Monday, April 12, 2010

Eye of the Red Tsar

Pekkala is a confidante of Tsar Nicholas Romanov until the brutal murders of the Romanov family in 1917. After years in a Soviet camp, Pekkala is called back to solve a mystery, with the promise of his freedom as the reward for success. I thoroughly enjoyed this novel and read it straight through in one sitting. It kept a fast pace and had enough twists and turns to keep me interested. Was it great literature? No. Was it supposed to be? No. If you are looking for a fun read with some history thrown in, this book is for you.

Note: I received a copy of this book through LibraryThing Early Reviewers program in exchange for this unbiased review.

Thursday, April 1, 2010

The Voice of Psalms - A reivew

A Dubious Translation - The Voice of Psalms

This book contains the entire book of Psalms in The Voice translation and includes reading plans and  reflections for selected psalms.   The distinguishing feature of this book is its use of The Voice translation, described by its authors as “a literary project…created for and by a church in great transition…(this) uniquely represents collaboration among scholars, pastors, writers, musicians, poets, and other artists.”  The goal seems to be to make the Bible “more beautiful” in the eyes and ears of the authors, and while the text is lovely, they are less successful in maintaining the accuracy of God’s word.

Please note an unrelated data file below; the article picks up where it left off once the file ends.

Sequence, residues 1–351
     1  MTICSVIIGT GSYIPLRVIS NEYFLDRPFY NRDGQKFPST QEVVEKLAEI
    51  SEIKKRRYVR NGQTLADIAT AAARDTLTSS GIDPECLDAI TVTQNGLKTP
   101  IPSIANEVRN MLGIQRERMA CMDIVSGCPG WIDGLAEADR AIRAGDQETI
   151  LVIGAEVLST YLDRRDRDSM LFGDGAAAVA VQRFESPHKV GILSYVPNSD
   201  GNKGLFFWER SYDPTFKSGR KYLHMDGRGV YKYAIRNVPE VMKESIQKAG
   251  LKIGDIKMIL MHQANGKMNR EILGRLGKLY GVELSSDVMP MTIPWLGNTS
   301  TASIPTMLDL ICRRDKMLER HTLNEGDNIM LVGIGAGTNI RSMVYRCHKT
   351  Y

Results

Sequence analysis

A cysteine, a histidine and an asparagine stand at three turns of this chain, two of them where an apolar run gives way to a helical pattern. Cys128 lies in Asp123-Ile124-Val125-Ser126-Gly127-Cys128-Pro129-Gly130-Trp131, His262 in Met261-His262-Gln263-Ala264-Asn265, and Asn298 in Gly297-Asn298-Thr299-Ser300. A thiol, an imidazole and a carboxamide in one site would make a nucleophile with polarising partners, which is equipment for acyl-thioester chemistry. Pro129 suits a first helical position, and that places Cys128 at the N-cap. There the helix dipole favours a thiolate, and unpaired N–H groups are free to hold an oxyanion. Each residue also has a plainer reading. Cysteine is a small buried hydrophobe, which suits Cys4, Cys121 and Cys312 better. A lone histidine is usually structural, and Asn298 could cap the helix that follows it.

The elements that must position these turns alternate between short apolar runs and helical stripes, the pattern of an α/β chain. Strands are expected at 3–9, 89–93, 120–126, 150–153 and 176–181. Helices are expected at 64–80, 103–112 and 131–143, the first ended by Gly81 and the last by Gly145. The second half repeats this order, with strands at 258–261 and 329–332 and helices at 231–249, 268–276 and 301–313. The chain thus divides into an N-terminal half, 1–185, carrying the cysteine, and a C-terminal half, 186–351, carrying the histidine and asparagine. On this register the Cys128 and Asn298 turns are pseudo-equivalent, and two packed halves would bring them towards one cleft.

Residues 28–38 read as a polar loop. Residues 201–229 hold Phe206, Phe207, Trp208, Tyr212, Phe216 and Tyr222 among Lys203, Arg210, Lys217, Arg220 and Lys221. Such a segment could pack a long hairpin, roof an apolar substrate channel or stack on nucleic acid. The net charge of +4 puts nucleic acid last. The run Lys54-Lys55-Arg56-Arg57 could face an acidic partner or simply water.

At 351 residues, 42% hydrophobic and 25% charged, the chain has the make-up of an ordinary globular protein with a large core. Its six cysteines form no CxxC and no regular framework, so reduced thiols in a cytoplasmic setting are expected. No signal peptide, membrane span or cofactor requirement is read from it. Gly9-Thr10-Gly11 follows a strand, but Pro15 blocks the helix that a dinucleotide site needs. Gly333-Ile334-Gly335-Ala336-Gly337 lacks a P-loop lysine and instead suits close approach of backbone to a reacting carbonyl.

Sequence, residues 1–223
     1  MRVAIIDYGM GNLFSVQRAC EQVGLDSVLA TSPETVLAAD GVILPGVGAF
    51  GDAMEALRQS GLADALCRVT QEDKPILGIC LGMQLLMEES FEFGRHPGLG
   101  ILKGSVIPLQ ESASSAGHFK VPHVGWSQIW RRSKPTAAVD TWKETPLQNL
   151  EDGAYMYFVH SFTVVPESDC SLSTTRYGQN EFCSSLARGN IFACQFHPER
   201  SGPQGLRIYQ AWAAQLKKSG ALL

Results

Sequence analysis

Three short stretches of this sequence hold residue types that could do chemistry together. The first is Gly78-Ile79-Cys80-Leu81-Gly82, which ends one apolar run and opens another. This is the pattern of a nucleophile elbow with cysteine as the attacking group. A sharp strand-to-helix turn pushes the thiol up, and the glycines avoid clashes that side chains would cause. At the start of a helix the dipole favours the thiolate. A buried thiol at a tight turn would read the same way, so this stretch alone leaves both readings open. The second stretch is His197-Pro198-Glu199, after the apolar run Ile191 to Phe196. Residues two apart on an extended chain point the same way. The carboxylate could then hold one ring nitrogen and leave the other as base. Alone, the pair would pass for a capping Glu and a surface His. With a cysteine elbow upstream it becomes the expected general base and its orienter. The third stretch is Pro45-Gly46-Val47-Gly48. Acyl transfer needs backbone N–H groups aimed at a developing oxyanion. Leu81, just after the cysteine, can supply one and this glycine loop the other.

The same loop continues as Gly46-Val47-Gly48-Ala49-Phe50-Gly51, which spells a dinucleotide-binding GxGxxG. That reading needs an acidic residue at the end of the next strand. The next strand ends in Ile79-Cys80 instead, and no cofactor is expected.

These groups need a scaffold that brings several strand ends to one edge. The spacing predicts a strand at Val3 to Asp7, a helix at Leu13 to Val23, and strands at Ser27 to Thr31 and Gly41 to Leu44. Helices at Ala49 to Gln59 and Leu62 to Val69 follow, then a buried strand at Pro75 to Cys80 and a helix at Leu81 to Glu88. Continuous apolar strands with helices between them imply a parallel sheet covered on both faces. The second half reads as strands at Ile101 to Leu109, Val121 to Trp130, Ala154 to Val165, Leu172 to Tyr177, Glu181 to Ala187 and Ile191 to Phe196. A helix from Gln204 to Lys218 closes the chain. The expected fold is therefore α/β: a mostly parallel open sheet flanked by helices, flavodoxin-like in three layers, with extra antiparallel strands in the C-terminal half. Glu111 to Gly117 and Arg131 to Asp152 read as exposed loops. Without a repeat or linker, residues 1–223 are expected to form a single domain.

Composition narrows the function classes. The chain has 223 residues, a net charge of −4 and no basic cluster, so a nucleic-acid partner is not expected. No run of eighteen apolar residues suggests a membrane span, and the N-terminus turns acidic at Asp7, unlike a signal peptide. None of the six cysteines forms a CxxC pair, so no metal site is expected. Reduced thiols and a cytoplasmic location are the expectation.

I adore the book of Psalms and was anxious to read this book.  However, the more I read, the more uncomfortable I became with The Voice.  I feel that it takes great yet unnecessary and perhaps incorrect liberties with the Bible.  I have read from many types of Bibles, from King James to NIV to The Message, yet they all fundamentally stay true to God’s word.  This translation adds or changes words that change the overall meaning of the text.  The authors claim that this is necessary to reach the post-modern church, but I feel that doesn’t give people enough credit.  Making the stories more accessible and understandable is one thing, changing the meaning to make people feel better is another.  While I think anyone will benefit from spending time reading and meditating on the Psalms, this book goes down a slippery slope with its translation.  Those truly interested in the Psalms will be better served by reading a more traditional translation.

Note: I received a free copy of this book in exchange for this review.  My content was in no way dictated by Thomas Nelson Publishers.

The Rewards of Simplicity - A review

The Rewards of Simplicity
A Practical and Spiritual Approach
By Pam and Chuck D. Pierce

This book is described as a guide to simplifying life from a Christian perspective.  The authors discuss how to clear mental, physical and spiritual clutter from our lives and reclaim our peace.  Their key premise is that “Every aspect of simplicity can be viewed from these three perspectives: faith, focus and function.”

As a veteran reader of many organizing/simplifying books, I can honestly say this book doesn’t break much new ground.  While it does remind us to make faith-based decisions as we de-clutter, there are no real “aha” moments.  For those seeking a biblical basis for decisions on slowing down and eliminating the unnecessary, this is good book.  For those looking for a to-do list for simplifying, not so much.

(This book was provided to me for review by Bethany House Publishers.)